June 19, 2002
Guwahati, June 19, IRNA -- Scores of endangered animals, including
wild Asiatic elephants and rhinos, have started migrating to safer
areas with floodwaters entering a wildlife sanctuary in India's
northeastern Assam state, officials Wednesday said.
"Most of the streams and lowlands inside the Kaziranga National
Park are filled with floodwaters of the river Brahmaputra forcing
animals to move to the adjoining Karbi Anglong hills for safety,"
park warden N K Vasu told IRNA.
"On Tuesday night, I saw a herd of elephants and rhinos crossing
the national highway that passes along the park and moving towards
the Karbi Anglong hills," he said.
The 430 sq km park, 220 kilometers east of Assam's capital
Guwahati, is home to the world's largest concentration of one-horned
rhinoceros. There are an estimated 1,600 rhinos at Kaziranga out
of a total world population of some 2,300 of this thick-skinned
Heavy monsoon rains over the past week have led to flash floods
in Assam submerging up to 40 villages and leaving more than 30,000
Government authorities have promulgated prohibitory orders asking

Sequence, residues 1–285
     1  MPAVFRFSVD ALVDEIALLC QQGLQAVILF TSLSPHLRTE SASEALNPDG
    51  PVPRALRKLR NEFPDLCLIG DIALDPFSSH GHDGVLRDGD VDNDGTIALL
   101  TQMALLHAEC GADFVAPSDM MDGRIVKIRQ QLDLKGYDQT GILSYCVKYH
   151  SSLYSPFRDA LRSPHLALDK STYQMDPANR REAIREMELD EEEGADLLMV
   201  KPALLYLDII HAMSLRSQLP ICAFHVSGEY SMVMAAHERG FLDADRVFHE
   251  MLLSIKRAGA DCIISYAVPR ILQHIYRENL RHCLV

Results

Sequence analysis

drivers to maintain a minimum speed on the national highway that
passes along the park.
Forest rangers say the trend of elephant herds moving to safer
areas are "strong indicators" that heavy flooding inside
the park was imminent.
"Elephants have very strong senses and could anticipate about
impending dangers and we have seen in the past that such responses
have come true," D D Boro, a park ranger, said.
Park officials are now worried of armed poacher gangs taking advantage
of the flood situation and killing animals that veer away from the
sanctuary areas to the hills.
Forest guards have intensified patrol along the highway and
special teams have been positioned along the hills to prevent poachers
from hunting the wildlife.
A kilogram of rhino horn sells at about Rs1.5 million in
international markets, while ivory trade is also very lucrative
for the poachers.